It’s Good, But It Could Be Better

I’m lucky.  In addition to a great family and a beautiful wife that actually puts up with me, we were fortunate enough to move onto lakefront property a few years ago.  What no-one warns you about before moving in is the serious amount of work required to live lake-side.  Serious like you better love the view in a MAJOR way.  We do, so we make the effort. Fall, while a beautiful season, takes on a certain melancholy for us, as it signals the end of the fun that marks summers on the lake, and reminds us of the coming bluster that winter brings, where the winds across the lake shake the house, hard.

Over the past few years, I’ve gotten to know our neighbor Simon, an English guy that lives a few doors down.  He’s a great guy, so much so that I often wonder why we’ve not gotten to be better friends.  Ours were orbits that never quite found alignment.

What I found most interesting about Simon was his amazing ability to use the lake for unique ways to have winter fun.  My favorite of which was watching with amazement one gusty, sunny afternoon when Simon strapped on a snowboard, donned a backpack parachute, and tossed it into the gale-force winds rocketing across the lake.  The following scene was nothing short of the best first-person version of WIPEOUT one might ever witness.  Simon was literally RACING across the lake, faster than I’d ever seen anyone move, EVER.

As he careened toward the gigantic, quarter mile long dock that marked the far edge of the lake, my mind did some random calculations of it’s own, and quickly informed me:

A)     Simon was assuredly going to crash, and

B)     I was far, far too far away to yell something he could hear, like…..STOP!  LET GO!!!

So I watched Simon artfully, strategically, amazingly  release himself and twist his way just past the edge of the dock that was certain to have made me the guardian of his newborn son, I had but one thought….


Being MiPPA’s President has been one of the most eye-opening experiences of my professional career.  I’ve been humbled by how often failure has smacked me in the face while I’ve been at the helm, and how personally challenging not being able to create successful change has been on me.  For those of you that don’t know me, I’m not used to failing, or quitting.

My failure hasn’t been for a lack of vision, or effort.  I can hold my head high knowing that I have an idea that could save my regional, but it requires me to make the conversation national in scope.  My view of the tea leaves says that MiPPA looks a lot like my buddy Simon, trade show revenue is our snowboard, the industry is the lake, and it’s a VERY windy day.

If you’ve had the bad fortune to have been around me after a beer or three at an industry event, you’ll recall the soapbox I drag out and the sermon I give about the hypocrisy in our industry’s failure to teach its members how to sell.  Products don’t sell themselves, and manufacturers owe it to salespeople to instruct them on the finer points of why a client might want the things they make.  There’s no better way to achieve competitive differentiation as a distributor than to train one’s sales force, and yet almost every distributor I’ve spoken to expresses little interest in personally providing training.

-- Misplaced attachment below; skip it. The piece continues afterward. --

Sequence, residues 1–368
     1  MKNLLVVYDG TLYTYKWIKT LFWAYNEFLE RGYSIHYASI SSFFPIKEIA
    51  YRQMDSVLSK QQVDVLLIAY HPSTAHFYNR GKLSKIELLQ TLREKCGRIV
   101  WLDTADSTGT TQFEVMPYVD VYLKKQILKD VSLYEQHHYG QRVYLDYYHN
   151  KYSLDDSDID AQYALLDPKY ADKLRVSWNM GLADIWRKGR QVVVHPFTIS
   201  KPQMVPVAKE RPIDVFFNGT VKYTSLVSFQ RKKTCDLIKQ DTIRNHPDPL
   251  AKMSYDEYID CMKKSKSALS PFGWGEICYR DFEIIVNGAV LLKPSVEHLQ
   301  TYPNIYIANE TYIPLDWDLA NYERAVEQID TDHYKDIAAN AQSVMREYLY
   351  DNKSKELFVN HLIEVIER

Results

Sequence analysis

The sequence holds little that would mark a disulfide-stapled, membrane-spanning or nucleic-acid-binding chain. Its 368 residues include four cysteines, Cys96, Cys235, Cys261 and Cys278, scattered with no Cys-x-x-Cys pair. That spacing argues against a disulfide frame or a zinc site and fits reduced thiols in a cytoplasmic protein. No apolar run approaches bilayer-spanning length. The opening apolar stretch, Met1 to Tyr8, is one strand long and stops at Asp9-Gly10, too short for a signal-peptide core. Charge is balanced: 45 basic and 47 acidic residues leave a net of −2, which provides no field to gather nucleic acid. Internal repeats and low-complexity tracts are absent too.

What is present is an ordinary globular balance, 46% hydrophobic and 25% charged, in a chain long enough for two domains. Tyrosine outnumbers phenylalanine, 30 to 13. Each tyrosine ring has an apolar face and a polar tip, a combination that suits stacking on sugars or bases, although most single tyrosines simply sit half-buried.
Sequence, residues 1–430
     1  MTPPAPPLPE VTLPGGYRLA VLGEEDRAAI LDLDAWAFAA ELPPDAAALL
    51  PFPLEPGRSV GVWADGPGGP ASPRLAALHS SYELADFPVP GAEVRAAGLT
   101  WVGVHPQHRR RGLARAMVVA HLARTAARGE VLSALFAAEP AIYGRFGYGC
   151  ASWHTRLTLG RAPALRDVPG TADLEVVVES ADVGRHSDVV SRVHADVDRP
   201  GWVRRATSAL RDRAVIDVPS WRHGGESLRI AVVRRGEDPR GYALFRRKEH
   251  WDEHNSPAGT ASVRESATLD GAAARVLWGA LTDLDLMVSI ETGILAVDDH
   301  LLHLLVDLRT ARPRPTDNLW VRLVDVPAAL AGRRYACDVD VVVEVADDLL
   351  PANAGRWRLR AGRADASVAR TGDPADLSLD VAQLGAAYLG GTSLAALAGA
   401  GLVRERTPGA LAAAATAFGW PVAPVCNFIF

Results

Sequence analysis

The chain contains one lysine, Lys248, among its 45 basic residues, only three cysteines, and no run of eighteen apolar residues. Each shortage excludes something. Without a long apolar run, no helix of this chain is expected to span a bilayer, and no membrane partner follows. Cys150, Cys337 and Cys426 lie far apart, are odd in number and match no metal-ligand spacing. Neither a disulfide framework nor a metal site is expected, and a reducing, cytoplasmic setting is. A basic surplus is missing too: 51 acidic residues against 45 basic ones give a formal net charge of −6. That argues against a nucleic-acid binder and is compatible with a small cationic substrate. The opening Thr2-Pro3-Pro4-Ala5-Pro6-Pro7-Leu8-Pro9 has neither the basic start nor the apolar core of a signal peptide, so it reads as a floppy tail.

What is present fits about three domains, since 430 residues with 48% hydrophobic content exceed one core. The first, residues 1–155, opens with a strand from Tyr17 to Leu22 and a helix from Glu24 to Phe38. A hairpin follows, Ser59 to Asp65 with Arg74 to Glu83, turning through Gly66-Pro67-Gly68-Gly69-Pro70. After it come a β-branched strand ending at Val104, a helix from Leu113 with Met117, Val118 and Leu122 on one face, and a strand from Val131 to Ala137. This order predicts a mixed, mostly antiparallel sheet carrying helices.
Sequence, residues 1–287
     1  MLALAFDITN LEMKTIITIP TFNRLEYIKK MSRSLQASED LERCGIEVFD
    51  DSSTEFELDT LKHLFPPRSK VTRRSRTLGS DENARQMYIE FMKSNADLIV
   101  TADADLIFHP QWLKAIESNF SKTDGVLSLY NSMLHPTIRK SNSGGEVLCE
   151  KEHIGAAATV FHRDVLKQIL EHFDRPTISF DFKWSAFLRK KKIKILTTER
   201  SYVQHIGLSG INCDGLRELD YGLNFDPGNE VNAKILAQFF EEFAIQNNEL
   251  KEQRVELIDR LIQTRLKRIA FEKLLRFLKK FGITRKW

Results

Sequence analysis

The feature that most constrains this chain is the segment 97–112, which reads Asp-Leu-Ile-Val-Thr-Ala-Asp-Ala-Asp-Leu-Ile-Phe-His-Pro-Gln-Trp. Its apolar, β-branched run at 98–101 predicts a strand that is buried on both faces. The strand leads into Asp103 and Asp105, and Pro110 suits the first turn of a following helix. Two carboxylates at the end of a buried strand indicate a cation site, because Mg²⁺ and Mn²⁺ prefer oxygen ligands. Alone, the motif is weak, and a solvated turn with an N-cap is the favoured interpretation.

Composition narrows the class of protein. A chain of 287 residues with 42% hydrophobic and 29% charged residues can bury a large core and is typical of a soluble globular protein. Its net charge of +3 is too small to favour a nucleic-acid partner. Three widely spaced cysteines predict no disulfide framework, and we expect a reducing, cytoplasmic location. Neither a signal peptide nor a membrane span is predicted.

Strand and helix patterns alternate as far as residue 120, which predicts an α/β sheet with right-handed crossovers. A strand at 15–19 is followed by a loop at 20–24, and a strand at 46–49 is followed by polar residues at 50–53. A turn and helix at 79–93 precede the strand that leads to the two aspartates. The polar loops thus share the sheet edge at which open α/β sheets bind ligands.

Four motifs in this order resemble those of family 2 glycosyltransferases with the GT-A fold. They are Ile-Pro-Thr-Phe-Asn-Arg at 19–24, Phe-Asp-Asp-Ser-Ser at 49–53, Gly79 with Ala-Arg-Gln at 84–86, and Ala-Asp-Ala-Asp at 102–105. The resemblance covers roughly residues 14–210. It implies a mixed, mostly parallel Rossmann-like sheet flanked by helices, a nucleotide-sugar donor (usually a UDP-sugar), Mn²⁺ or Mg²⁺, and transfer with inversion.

There’s a smattering of ways to access some information, and critics will cite the availability of industry certification, but those vehicles have proven largely ineffective.  It’s high time we gave some serious consideration to a platform to facilitate the transfer of actual selling skills to the good folks trying to make a living at this, and a curriculum to provide a roadmap to expertise.  Technology has eliminated the excuse that training competes for salesperson’s energy during selling hours; tools allow for anytime access to information, and societal change has created living rooms where families have migrated from “watching TV” to actively interacting with content while sitting on their couches at night.

There are certain suppliers that have recognized this shift in the sands, and they’re taking steps toward meeting the demand they’ve individually identified.  Do yourself a favor and search youtube for content related to our industry.  You’ll be surprised what you find.

So, as I reflect back upon that day Simon nearly killed himself, I came to the realization that while I don’t foresee myself strapping on either a snowboard NOR a backpack parachute, I have looked into a pair of cross-country ski’s, and my neighbor and I are seriously considering the finer points of ATV’ing on a frozen surface.  I’ve realized that my admiration for Simon’s use of the winter lake served as an inspiration, and gave me the confidence to find a way to do it for myself.  Witnessing his ability to act on the NOTION gives me the desire to try, too.    Often, it takes fearlessness (craziness?) to act on inspiration.

Here’s my parachute idea.  Let’s create an environment here that inspires each other, and have the industry take notice.  Suppliers need to be teachers, regional associations and PPAI need to act as the campuses, and salespeople give more of their business to those suppliers that teach us best.  We wring our hands about where the new distributor salespeople are, and tools like these meet their demographic head on.

I’m in.  Are you?

(Note:  I’ve had the opportunity to share with Simon that I’d watched him that day.  When I shared with him that I’d been awed by his achievement, he told me (in his fine English accent) “Bloody Hell mate, I don’t know what the hell I was thinking!”) 

Article written by Roger Burnett.